The whole night you’ve been watching a movie with a friend, who you’re hoping will take you out of the friend zone and make you more than a friend. You chose the cheesy movie, had all the best snacks, and of course, gum for minty fresh breath. Your dog has sat in his bed the whole time, only snoring so quietly it was cute. When the night ends, you get up to wish your friend goodnight and go in for a hug. You’re not sure if this will be more than a hug, but a friendly hug is a place to start when you’re in the friend zone. After only a second of embrace, your dog is barking and jumping at you two, begging for your attention. Your human friend pets your four-legged friend, waves goodbye, and walks out the door. Your dog just kept you in the friend zone.
The Root of the Behavior
Hugging is a human behavior that is not normal to a dog. We wrap our arms around each other and squeeze tightly. Hugs can have a calming effect on humans and it is a way we show affection. Dogs tend to show their affection differently than humans. They will put a paw on your knee or rest their head on your lap. Hugging to a dog can be a very peculiar thing and they interpret it as such. And dogs do not like to be hugged. Even though many of us humans hug dogs like they are our children, they do not really like it. It is not a natural sign of affection for a dog, so it can pose problems, which leads to jumping.
One way a dog sees a hug is a threat. You are close to someone and your arms are wrapped around them. Your dog might think, “How on earth will they escape?! This must be a death hold!” and out of love for you, he jumps on you to stop the embrace and help you escape from certain death. Dog breeds who are known for their protectiveness over their owners might lean towards this thought. The German Shepherd, Bullmastiff, Rottweiler, American Staffordshire Terrier, and Doberman Pinscher are dogs who are known to protect. Other dogs who engage in this behavior may not have a lot of socialization or are afraid of unknown people. Another reason a dog could interrupt a hug by jumping is when he wants attention. Your dog might be past the “death hold” thought and realize that hugs are good. He knows this is a positive interaction with affection. As he realizes this, he sits there thinking, “Wait a second! I want some attention!” And there you have it. Your dog is trying to be a part of your hug.
Encouraging the Behavior
If you ever want to move out of the friend zone with your human friend, you need to tame your canine best friend. Not only are you staying just friends, but when your dog jumps on your guests it can make them rather uncomfortable. They might be afraid of dogs, allergic, or your pup might even knock them to the ground. You want to make it so your guests want to come over and your dog is pleasant when they are there. Also, you want to be able to give hugs freely and go about your business. Not everyone enjoys the friend zone. There are a few tactics to reduce or eliminate this behavior. One is to simply ignore it if you can. It might escalate, but if you reward him when he stops jumping, he will begin to make the connection that being calm is the preferred behavior. Also, this could give you a reason to get a few more hugs in. Just tell your friend it is for the dog’s training purposes. With any training, keep it consistent. If you aren’t consistent, you will confuse your pup. When in doubt, visit a trainer. The trainer can give you tips and will be able to work with both of you to get rid of this interference.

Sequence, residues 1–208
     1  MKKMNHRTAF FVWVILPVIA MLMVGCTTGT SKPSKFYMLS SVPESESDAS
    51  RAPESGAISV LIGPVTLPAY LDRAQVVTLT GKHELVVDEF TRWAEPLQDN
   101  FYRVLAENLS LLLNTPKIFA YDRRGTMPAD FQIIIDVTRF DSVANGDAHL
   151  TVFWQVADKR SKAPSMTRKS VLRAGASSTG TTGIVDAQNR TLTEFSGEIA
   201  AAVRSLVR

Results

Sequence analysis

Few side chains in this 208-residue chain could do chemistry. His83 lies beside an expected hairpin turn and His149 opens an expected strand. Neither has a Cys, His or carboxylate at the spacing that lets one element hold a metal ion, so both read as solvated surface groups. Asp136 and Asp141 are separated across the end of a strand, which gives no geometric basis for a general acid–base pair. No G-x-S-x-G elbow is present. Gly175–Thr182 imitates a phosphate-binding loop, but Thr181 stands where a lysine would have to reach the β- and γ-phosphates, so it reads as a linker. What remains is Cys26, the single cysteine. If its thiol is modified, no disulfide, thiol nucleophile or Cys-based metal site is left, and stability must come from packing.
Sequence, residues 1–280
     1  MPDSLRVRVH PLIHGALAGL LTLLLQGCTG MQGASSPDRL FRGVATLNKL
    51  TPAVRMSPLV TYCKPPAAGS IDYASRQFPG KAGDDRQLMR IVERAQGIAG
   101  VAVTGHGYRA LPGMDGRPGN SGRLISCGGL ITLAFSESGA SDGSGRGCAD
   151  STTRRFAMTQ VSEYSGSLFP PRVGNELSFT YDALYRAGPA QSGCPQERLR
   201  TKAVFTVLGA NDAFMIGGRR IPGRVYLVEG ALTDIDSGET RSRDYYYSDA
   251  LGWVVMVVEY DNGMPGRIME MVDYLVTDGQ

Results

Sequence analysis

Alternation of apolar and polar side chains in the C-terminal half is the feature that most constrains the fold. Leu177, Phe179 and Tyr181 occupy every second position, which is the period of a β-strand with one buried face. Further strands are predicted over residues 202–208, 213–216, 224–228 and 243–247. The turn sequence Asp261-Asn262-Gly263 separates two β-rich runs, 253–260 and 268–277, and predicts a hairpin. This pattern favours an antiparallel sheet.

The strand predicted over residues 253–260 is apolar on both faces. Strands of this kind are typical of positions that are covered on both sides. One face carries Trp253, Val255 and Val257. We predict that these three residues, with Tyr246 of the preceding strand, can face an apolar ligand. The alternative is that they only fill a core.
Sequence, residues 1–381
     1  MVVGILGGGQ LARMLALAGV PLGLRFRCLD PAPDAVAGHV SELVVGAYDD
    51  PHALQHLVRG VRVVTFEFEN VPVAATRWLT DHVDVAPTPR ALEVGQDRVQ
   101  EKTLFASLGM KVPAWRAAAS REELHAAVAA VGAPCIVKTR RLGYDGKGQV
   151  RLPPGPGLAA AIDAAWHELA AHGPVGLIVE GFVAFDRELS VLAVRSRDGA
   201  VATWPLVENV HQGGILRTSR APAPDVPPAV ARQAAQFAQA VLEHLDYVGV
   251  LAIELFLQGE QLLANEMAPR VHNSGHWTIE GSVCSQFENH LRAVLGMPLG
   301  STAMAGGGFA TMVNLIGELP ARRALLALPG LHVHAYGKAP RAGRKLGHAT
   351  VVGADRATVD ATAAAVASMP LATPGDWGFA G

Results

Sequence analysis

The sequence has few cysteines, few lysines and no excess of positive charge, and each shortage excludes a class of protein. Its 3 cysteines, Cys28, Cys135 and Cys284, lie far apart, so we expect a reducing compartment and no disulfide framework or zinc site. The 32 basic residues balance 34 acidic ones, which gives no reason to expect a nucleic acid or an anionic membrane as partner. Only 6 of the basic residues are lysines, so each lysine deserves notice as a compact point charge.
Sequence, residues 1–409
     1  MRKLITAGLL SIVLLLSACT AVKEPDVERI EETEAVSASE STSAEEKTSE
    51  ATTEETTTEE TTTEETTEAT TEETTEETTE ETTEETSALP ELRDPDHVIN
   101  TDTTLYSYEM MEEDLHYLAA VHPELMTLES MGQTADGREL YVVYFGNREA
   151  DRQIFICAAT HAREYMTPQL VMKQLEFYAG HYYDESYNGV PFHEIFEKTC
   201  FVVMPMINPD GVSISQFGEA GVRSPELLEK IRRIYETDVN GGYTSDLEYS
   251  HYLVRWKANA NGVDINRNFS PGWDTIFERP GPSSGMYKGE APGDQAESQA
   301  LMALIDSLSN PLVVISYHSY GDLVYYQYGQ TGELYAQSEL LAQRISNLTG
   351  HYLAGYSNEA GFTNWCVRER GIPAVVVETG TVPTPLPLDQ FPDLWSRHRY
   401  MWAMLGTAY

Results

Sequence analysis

Other Solutions and Considerations
If your dog wants attention, make sure you play with him enough throughout the day and regularly take him on walks. He will feel secure knowing he has a promised play time and might not be as attention needy when you try to hug someone. If your dog’s jumping turns into barking, growling, or standing stiffly when you hug, you should definitely see a trainer. This is guarding behavior and can escalate quickly. Your dog might be protecting you, but clearly, you like the person you are hugging and this could be a tough spot for them. Your dog should be trained to socialize properly with humans and reducing a guarding behavior can be tough without a professional.
Once you are in the friend zone, it is tough to get out of so do not let your dog be the thing that is stopping you from advancing. Reward your dog for calm behavior and keep training consistent. It might be ruff at first, but it will definitely be worth it. And if you notice more aggressive behaviors, talk to a trainer.